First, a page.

Developing Math Coaching Expertise

by Mary Mitchell, Author, Math Solutions
March 24th, 2017

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Over ten years ago I moved from being a classroom teacher into the role of being a math coach. My first assignment included two elementary schools, which meant I was supporting approximately 36 teachers. My only experiences with school leadership were through learning opportunities like participating in a large National Science Foundation grant to build teacher leaders and attending facilitator trainings (from a variety of sources). I also had a little bit of experience leading professional learning as a part-time consultant for Math Solutions. I had no formal training for being a math coach. It was all self-study. Scary, huh?

“Building the Plane as You Fly It”

During years one and two, the district directed me to try a variety of structures for my coaching. Ranging anywhere from being assigned to three specific teachers for most of the school year in one building, to approaching teachers in the other buildings about what services I could provide and crossing my fingers that someone would take the bite. I learned a lot from these two years, but the growth in teachers and student learning varied greatly.

As year three approached, I now had some real coaching experience under my belt to reflect on successes and challenges and what was needed to make a greater impact. I learned to partner with my teachers by setting goals for student learning. The change in course was so great, that math classrooms at every grade level were affected. Students even stopped me in the hallways to talk about math class.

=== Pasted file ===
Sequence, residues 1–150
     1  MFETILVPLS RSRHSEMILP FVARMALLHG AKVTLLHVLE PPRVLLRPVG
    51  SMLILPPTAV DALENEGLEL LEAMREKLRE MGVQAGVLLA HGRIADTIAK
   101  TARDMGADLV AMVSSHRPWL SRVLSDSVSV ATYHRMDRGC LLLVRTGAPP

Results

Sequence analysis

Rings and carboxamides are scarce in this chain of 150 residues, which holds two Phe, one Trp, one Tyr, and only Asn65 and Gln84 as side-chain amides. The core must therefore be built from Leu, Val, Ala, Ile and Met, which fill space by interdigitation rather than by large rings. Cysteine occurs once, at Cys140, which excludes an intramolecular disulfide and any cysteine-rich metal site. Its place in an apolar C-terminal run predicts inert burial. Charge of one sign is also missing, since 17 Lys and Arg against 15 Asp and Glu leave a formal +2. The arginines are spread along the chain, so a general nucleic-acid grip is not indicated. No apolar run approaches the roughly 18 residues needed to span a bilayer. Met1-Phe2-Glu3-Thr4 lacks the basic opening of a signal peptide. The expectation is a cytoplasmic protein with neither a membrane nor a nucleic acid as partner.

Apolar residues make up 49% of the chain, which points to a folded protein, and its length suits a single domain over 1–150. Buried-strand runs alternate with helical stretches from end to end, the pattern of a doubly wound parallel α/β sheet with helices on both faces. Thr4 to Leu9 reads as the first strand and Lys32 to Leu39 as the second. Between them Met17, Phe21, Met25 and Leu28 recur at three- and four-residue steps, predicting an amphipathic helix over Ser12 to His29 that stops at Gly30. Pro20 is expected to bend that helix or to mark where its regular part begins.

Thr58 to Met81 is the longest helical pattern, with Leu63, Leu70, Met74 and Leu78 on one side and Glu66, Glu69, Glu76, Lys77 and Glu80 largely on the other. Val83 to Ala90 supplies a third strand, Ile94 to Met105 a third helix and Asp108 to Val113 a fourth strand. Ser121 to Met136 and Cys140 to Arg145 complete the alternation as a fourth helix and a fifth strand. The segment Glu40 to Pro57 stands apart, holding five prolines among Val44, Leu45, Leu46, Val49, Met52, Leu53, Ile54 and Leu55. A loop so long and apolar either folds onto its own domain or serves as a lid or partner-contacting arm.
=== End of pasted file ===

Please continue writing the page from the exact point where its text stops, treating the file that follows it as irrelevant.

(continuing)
Coaches across the Country

Over the last seven years in my work at Math Solutions, I’ve been exposed to teachers and coaches across the country. It’s been interesting to hear coaches share their experiences with and feelings about their preparation for coaching. There are some commonalities related to what coaching skills and knowledge most coaches have and those they do not have to be successful as coaches.


Coaches’ “Haves”

Coaches’ “Haves-Nots”

• Classroom Experience • Coaching skills – relationship, communication, questioning
• Passion about teaching and learning • Philosophy – beliefs and values about coaching
• Desire to make a difference • Math content knowledge
• Knowledge of effective pedagogy • Tools for coaching
• Structure for coaching
• Building leadership support



What do coaches need?

Having a passion for teaching and learning and a desire to make a difference are certainly important qualities of an effective mathematics coach. However, most coaches need coaching skills that will help them build strong relationships, communicate effectively with their partners, and ask questions that result in action. While classroom experience and knowledge of effective pedagogy are also on the list of traits of individuals we would enlist to become math coaches, structures and tools for coaching ensure that the coach is set up for making an impact on student learning.


Building a common vision for coaching

  • Is our coaching making the desired impact on teaching and learning?
  • What professional learning opportunities have you provided for coaches?
  • What common structures and tools do your coaches use to support their coaching work?
  • What coaching skills would your coaches say they want help building?


Mary MitchellMary Mitchell designs and provides K–8 professional development for district-level administrators, school-based math leadership teams and teachers across the country. Her main priority is the students and teachers that she serves. Find Mary on Twitter at @marymitchell.


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